Silicon Valley  has an emphasis on enabling lower level people to contribute, a strong belief that the engineer or almost anyone can be the source of innovation.   This leads to a lot more bottom up emphasis in the innovation process.   It doesn’t have to be stock but there must be a way that people feel they share in the success of the company and their contribution.

Who has more innovation credentials?

Let’s face it, Silicon Valley is absolutely hands down the leader in innovation worldwide.   That is certainly not to discredit the  many companies all over the world that innovate but for consistency and systematic innovation let’s admit that Silicon Valley is a unmitigated powerhouse and what’s amazing is that it has been this powerhouse for 40+ years now.


Innovation has never been greater in SV more so than today.  Silicon Valley started based on chips and semiconductors.   During the 80s there was massive growth in the software industry here and then bioengineering, genetics, Open source, the Cloud, Social, Communications, Consumer electronics.   Now Silicon Valley is sporting the next generation of Car companies (Tesla), Taxi companies (Uber, Lyft), Payment systems (Square, Ripple, Zuaro…), blood testing, body fitness devices, eLearning, Finance disruption, Lending Club, Bitcoin,  … and the pace of innovation is so blistering it is hard for anyone to keep up. SV has proven that this model works.



The Silicon Valley culture depended on the idea that engineers were hardworking trustworthy individuals.   Venture capitalists invested money in company after company in the Bay Area with a basic confidence that the likelihood of scams was almost nonexistent.   Companies and people worked themselves to the bone to make every dollar work for VC’s generally and investors generally.   In many cases this hard work paid handsomely for many many millionaires it created.   For many others it resulted in ultimate failure and having to restart on something new.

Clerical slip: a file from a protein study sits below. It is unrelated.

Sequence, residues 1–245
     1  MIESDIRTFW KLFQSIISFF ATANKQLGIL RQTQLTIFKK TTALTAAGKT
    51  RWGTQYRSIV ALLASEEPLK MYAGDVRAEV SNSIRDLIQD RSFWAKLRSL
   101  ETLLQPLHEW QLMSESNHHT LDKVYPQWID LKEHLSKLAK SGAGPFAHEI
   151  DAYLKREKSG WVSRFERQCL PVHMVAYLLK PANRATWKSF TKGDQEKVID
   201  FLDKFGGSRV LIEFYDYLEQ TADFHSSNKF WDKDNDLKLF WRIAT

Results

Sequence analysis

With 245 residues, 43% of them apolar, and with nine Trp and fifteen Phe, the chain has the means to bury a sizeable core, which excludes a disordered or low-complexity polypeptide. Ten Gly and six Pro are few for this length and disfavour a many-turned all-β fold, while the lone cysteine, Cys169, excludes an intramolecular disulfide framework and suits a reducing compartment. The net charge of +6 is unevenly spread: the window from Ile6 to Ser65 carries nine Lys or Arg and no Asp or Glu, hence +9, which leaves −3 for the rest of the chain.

I believe that culture of hard work was critical but I have found to my surprise that most people are actually quite trustworthy, not just in SV but all over America and presumably the world.   I was shocked when eBay succeeded because it was hard to get over the risk that seemed inherent that someone took in sending something to someone not sure if the money would come or vice versa, send money with no real idea if the product would arrive in the condition expected but hundreds of transactions later I have never been burnt on eBay.  People are generally trustworthy.   Trusting people is a critical value in building an egalitarian culture that encourages innovation at the lowest levels. People who are controlling exist even in the Bay Area of SV. However, they have been told they need to share power and resources from the beginning. The small company has to accept help and ideas from anywhere it can get them. The culture eventually seems to infect every company here that you have to listen to everyone.

inner source

The Systematic way to build an innovation culture

I don’t think Google’s culture is transferable to many companies wholly.  I think there is a more concise better description of the innovative company.   I think there is an easier systematic approach to building innovation from the bottom up.  I describe

1) The egalitarian principle must be adhered to.  Yes, frequently the senior people will come up with ideas but many times for that to work key people all over the organization have to innovate to make that idea succeed.  Senior people should always be willing to give credit where credit is due and to reward and encourage their “minions” to innovate and take chances.   They should get behind people with good ideas regardless where they come from in the organization and give them the chance to succeed with their ideas.

2) Having well defined goals for the company.   People can’t help a company succeed if they don’t know what the goals are.  I believe if you have your entire organization pointed in the same direction you will succeed.   The problems happen when confused goals cause a company to diverge.

3) Provide systemic ways that people who innovate at any level can become successful.   Google takes this to an extreme.   They have a system where any idea can be taken to billions of customers almost instantly.    They provide the infrastructure that if you develop a cool thing it can be very successful very fast.

4) Everyone has to be able to see the existing technology and infrastructure so they can see the flaws, see how their ideas would help and be able to get an audience for their ideas where they won’t be shouted down.   This is about openness, transparency.  Google takes this to an extreme as well.  I suggest something I call the “inner source” model.  Check out this blog to see how to build a open source approach inside your company without having to be an open source company.

Other articles you may find interesting: